Wouldn’t a godly wife meekly submit “in everything, as to the Lord” (Ephesians 5:24) – including domestic violence – “til death us do part”? (statistically, death at his hand is a real possibility)
Isn’t it “acceptable with God” to “endure grief, suffering wrongfully”? (I Peter 2 & 3)
In a previous post, we saw that God hates abuse, labeling it evil and wicked. Will she “win” her husband by bowing to and enabling his sinful, wicked pattern of cruelty, lies and violence?
Submission is to God, not to her husband’s pattern of evil. Removing the object of his sin (her!) may open his eyes to the consequences of his evil and soften his heart to seek help. She is “doing him good”.
Excellent answers to these and more questions are available by Christian abuse counsellor Leslie Vernick at https://un184.infusionsoft.com/app/hostedEmail/480082/9ebbce6ad7af194a?inf_contact_key=a53e439243f8d540fb612aa2748d90107dd12cc9294fa6ba4aec97788b28d463
Domestic violence is against the law.
Check out this trending report to give a more realistic dimension to this marital abuse series. (#whyIstayed and #whyIleft on Twitter)
A victim of violence should call 000 or 911 if she is in imminent danger and/or flee to a friend or relative’s house.
Another option is to go to a women’s crisis shelter where she’ll receive free legal, financial and medical assistance.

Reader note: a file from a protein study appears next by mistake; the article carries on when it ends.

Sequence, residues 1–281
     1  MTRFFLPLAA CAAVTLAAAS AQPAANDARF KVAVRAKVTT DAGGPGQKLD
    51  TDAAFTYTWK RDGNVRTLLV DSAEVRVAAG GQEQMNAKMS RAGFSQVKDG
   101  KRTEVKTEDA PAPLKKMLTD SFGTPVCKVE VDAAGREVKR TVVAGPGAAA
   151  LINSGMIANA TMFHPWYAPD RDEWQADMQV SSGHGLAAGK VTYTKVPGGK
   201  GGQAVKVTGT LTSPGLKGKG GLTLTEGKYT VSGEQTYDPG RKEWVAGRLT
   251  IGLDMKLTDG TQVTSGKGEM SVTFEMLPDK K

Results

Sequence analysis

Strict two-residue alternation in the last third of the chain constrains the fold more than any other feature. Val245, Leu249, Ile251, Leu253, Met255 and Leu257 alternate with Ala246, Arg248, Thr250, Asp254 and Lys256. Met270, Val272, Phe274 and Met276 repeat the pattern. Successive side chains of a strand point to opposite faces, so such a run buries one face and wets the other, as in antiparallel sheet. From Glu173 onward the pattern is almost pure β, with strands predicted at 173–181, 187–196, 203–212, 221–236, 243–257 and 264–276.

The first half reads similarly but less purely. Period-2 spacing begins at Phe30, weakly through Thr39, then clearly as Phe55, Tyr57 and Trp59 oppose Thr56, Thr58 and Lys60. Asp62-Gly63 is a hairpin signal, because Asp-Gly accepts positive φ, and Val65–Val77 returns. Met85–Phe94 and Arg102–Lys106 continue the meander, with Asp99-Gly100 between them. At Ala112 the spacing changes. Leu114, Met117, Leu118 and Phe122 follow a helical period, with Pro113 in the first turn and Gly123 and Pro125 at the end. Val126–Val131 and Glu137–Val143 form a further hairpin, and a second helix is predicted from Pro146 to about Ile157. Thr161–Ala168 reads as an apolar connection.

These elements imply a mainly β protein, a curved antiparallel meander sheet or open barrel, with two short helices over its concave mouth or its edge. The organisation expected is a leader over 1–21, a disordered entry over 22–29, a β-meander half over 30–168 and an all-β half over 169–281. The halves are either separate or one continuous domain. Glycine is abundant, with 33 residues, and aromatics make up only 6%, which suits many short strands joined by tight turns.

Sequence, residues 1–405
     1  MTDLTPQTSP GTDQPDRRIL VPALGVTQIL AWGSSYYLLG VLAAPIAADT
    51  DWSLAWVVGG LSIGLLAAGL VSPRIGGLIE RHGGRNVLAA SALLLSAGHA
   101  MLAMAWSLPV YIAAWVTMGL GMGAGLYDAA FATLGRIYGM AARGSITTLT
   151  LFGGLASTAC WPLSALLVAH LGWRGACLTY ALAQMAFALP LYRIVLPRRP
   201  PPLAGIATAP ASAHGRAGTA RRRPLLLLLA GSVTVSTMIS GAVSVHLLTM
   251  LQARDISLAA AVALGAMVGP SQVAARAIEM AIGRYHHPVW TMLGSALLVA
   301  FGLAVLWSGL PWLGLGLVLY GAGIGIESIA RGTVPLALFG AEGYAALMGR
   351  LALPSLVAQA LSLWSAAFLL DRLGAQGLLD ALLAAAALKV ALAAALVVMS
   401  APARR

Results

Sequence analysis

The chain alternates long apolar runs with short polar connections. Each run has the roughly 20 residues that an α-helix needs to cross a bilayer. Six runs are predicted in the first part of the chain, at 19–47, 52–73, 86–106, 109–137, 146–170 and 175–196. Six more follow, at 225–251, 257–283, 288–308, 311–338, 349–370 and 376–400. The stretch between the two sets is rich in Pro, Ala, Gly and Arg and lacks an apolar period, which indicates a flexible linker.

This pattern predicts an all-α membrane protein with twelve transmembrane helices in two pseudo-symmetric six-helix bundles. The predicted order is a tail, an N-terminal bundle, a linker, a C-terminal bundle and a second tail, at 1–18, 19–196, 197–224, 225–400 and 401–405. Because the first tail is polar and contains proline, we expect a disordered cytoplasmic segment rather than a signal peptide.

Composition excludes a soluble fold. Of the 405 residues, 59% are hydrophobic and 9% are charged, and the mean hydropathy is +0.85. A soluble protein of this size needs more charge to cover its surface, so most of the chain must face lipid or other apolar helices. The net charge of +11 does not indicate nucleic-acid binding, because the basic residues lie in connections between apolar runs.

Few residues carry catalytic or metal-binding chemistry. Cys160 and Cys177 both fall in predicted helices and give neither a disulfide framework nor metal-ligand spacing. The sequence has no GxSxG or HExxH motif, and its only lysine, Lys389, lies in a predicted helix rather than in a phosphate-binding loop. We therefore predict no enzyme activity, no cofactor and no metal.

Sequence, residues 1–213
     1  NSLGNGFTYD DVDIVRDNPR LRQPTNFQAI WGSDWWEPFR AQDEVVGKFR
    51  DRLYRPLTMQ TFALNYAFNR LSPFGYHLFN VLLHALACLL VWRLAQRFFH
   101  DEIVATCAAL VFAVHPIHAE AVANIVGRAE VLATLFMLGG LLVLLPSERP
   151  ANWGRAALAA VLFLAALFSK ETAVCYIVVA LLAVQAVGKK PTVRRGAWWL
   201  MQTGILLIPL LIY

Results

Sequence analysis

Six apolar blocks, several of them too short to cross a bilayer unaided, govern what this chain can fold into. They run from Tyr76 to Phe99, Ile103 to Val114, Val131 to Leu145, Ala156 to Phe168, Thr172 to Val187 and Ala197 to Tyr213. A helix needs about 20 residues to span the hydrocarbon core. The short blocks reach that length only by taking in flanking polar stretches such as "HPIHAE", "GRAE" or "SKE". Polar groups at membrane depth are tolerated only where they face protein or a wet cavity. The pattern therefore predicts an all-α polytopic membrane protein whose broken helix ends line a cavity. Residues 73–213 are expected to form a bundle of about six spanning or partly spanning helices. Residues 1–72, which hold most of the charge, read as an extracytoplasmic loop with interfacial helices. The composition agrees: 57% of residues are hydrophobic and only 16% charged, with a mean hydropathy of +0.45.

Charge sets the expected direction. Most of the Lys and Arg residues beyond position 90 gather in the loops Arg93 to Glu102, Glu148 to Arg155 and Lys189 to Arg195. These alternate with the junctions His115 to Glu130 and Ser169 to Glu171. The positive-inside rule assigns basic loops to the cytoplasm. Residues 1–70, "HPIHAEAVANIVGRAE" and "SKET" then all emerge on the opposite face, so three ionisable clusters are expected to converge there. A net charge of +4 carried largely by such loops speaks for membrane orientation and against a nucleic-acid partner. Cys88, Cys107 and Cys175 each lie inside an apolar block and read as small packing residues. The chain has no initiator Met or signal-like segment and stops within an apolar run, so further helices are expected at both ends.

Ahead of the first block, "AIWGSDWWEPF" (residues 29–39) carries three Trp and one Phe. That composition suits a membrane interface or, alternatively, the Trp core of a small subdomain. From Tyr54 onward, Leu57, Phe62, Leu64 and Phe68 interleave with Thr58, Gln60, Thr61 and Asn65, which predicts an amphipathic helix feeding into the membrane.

Contact the Australian National Domestic Violence Hotline at https://www.1800respect.org.au/ or on freecallr1800 737 732.
Call the American National Domestic Violence Hotline at 1-800-799-SAFE or go online to www.thehotline.org.
Both organisations help victims (as well as family and friends) with 24-7 access to information, individual counselling (including live chat), local shelters, survivors’ stories, how to make a safety plan, etc. in multiple languages.
If you search on-line you will find many more resources, for example White Ribbon, ReachOut.com, Leslie Vernick, Barbara Roberts in Victoria and many more that are in the footnotes to a previous post.
Hiding a small bag with clothes (for the children also), money, keys, phone, driver’s license, car registration, credit cards, medications and address book can be a lifesaver when a quick escape is needed. Make sure you have access to a car that runs, keep petrol in the tank and have a careful plan.
“”Marriage is honourable” but sometimes we honour it best
by ending that caricature of it that makes it a mockery.”1
Abusive husbands do not take kindly to losing the one who catered to their every whim. Keep your whereabouts hidden, if you have any fears about you or your children’s safety.
The above organisations will help you obtain a Domestic Violence Order (DVO/IVO/other names depending on locality) from the court. It is free and if your abuser breaks the conditions (ex: not allowed within 100 metres of your place of residence or employment), ring the police immediately (even for the first smallest infraction) and he can be arrested.
Women’s Services Network has ideas for preventing your abuser from stalking your smartphone – locking it with a passcode, disabling the GPS and knowing what every app does (it’s possible for him to watch you in your home).
organisation in Australia
organization in America
The courts can also determine issues like property division and child-care.
Doesn’t I Corinthians 6 Forbid Her From Taking Him to Court?
Jason Harris has written an InFocus post that has an excellent answer to that question. This is a criminal matter, not a civil matter. The case is not ‘her against him’ – it is ‘the Crown v him’. He broke the law.
Let Go of Trying to Change Him
The future is his decision.
The present is yours!
Like David when his authority King Saul tried to harm him, flee before it’s too late.
1 Jason Harris